Lady Chatterly’s Lover: Sex and Coal


I find great similarity between knowing nothing about a book before reading it, and thinking I know everything about a book before reading it: in both cases I’m surprised, though in the latter case, perhaps less pleasantly so. I approached D H Lawrence’s Lady Chatterly’s Lover with the conviction that it was a sexy book. Not just gleaned from the title, but from years of being told by those I know personally, and by the wider literary world, I felt sure when I first sat down with the book that I would be reading in the vein of erotica.

To be fair the novel does narrate some steamy, and deeply arousing, sex scenes. But if I were made to describe what this book is “about,” I’d find myself pressed to say “sex” or even “an affair.” Instead I might have to say that it is about class conflict, industrialization, the animality of humans, and the alienation of the post-war period. Hardly the stuff of sexy drama.

How then does Lawrence succeed in making coal something sexy? Well, the illicit cross-class affair between Lady Chatterly and her plebeian lover – the gamekeeper of all people! – ground the thematic questions in their respective characters and I suppose trick the reader into suffering through long passages on the plight of colliers with the promise of wet thighs. I shouldn’t say ‘trick,’ because the affair stands as synecdoche for the post-war, industrial age, and we’re likely meant to be as titillated by the violation of class strictures as we are by the descriptions of variously flaccid and erect penises.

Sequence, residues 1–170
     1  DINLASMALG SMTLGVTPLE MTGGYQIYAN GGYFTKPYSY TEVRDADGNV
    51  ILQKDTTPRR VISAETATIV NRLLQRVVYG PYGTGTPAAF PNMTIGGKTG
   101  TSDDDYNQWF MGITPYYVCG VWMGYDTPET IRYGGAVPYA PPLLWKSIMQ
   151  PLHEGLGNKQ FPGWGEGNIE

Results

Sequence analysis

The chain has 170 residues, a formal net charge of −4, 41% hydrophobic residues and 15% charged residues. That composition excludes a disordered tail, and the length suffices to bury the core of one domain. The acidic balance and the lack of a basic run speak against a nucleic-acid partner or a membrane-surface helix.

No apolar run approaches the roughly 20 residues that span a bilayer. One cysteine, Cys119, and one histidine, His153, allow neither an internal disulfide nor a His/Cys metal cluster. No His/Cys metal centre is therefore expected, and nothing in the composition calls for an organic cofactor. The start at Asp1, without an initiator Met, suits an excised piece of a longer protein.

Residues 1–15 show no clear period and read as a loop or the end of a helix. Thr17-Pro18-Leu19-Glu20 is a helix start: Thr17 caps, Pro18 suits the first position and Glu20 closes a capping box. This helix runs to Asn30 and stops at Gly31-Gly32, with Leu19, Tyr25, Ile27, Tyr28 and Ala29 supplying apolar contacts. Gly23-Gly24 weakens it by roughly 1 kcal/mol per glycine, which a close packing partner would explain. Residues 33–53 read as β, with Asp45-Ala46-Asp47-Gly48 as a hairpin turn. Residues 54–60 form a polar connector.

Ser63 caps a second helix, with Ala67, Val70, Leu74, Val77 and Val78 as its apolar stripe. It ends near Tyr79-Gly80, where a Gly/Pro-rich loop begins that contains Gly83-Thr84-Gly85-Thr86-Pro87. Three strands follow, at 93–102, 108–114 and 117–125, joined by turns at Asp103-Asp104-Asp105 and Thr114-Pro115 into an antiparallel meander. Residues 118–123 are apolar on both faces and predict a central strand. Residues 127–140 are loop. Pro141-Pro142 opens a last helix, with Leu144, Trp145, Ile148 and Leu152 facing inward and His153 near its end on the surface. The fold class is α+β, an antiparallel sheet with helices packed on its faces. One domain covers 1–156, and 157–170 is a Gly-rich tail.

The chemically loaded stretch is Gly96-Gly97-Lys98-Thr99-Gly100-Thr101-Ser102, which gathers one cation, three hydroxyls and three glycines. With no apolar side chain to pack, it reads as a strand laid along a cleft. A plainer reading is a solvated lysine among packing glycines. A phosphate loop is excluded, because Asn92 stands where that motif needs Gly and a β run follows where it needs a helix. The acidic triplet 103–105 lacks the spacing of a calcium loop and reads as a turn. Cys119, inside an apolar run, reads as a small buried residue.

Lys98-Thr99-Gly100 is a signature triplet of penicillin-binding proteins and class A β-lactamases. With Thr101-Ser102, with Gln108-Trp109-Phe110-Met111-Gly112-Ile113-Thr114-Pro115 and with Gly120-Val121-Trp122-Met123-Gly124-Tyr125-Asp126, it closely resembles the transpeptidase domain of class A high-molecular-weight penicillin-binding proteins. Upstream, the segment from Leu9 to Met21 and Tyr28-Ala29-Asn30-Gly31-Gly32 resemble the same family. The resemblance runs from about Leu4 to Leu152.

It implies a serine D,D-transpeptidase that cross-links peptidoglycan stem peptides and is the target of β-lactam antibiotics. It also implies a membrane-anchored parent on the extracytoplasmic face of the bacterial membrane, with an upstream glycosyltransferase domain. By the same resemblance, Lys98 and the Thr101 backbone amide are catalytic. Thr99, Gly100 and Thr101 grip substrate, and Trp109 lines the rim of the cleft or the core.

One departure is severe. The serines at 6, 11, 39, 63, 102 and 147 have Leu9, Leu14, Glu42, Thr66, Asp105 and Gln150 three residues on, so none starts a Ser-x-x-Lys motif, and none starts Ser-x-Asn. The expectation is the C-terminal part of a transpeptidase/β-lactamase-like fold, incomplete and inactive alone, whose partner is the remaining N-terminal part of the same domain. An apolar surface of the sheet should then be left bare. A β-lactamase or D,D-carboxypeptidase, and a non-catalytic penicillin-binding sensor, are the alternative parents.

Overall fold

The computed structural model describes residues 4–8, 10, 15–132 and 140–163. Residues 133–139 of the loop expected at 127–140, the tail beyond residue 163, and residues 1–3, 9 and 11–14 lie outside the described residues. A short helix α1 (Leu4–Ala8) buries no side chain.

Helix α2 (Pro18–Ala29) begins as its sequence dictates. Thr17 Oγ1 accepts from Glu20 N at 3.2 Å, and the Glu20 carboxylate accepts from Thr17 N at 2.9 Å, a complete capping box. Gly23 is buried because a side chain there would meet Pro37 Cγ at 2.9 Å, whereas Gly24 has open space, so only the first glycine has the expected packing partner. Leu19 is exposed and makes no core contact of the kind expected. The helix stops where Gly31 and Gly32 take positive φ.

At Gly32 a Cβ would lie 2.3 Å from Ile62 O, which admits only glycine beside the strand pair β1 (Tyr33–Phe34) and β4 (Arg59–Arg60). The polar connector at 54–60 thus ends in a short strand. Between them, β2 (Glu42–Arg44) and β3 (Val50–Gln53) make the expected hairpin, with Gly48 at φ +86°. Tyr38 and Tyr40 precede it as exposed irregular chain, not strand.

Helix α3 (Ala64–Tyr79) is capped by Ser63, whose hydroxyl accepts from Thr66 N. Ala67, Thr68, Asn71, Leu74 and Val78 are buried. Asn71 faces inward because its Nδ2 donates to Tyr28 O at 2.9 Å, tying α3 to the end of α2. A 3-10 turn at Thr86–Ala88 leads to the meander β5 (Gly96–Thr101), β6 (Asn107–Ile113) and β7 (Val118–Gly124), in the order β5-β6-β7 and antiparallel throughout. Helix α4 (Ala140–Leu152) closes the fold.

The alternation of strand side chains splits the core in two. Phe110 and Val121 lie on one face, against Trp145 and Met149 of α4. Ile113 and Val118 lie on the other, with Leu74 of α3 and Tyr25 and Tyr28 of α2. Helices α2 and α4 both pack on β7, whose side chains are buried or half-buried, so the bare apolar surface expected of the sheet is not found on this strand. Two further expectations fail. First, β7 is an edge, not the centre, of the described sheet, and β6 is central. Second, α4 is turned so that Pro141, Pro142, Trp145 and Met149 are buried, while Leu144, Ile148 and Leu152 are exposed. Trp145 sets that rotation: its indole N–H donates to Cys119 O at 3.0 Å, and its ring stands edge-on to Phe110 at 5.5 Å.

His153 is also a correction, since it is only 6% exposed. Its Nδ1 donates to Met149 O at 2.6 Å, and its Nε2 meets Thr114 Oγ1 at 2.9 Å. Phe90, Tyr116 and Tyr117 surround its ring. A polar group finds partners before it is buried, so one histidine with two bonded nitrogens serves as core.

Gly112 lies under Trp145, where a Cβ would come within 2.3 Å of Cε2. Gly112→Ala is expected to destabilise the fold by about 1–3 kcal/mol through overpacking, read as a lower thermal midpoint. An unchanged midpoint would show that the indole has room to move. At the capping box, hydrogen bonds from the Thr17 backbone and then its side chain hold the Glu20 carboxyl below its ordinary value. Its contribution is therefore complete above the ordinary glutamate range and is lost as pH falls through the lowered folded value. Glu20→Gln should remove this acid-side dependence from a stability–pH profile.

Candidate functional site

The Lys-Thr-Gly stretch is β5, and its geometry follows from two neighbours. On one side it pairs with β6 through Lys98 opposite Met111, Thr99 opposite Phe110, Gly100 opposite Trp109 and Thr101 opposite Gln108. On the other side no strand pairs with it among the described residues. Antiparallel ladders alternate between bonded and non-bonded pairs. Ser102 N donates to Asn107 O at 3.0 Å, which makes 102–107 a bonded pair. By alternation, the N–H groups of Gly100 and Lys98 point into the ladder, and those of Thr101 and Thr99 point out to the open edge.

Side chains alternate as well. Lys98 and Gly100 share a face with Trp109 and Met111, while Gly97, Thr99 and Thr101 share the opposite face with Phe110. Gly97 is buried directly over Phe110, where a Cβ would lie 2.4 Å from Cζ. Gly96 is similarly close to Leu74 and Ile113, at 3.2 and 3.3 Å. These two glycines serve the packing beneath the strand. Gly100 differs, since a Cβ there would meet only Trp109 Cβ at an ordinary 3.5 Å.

And perhaps I would have been, had I not been expecting a book banned and talked up for its sexiness. Rather, when confronted with long passages on the utility of coal I found myself wondering whether everyone else had been reading a different version of the text, or were perhaps better at skimming, or whether I might have, in my terrible expectation, done the book a terrible injustice. And this, I think, is most likely the case. Had I not been turning each page waiting for the affair to begin, and then waiting for the affair to get steamier, and then waiting for the affair to be over, I might have better appreciated the rich and provocative descriptions of class conflict and a society coming to terms with loss and bewilderment. In the few moments when I put aside my adolescent preoccupations, I was moved by the clarity with which Lawrence captures suffering and loneliness. It’s my suggestion then, that if you do decide to read, or re-read, Lady Chatterly’s Lover that you do so draped in a cold, wet towel after watching scenes from a factory farm documentary. For the book isn’t (only) sexy, and you’ll spoil it something awful if, like me, you try to read it that way.


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Filed under 100 Books of 2011, British literature, Fiction, Prize Winner

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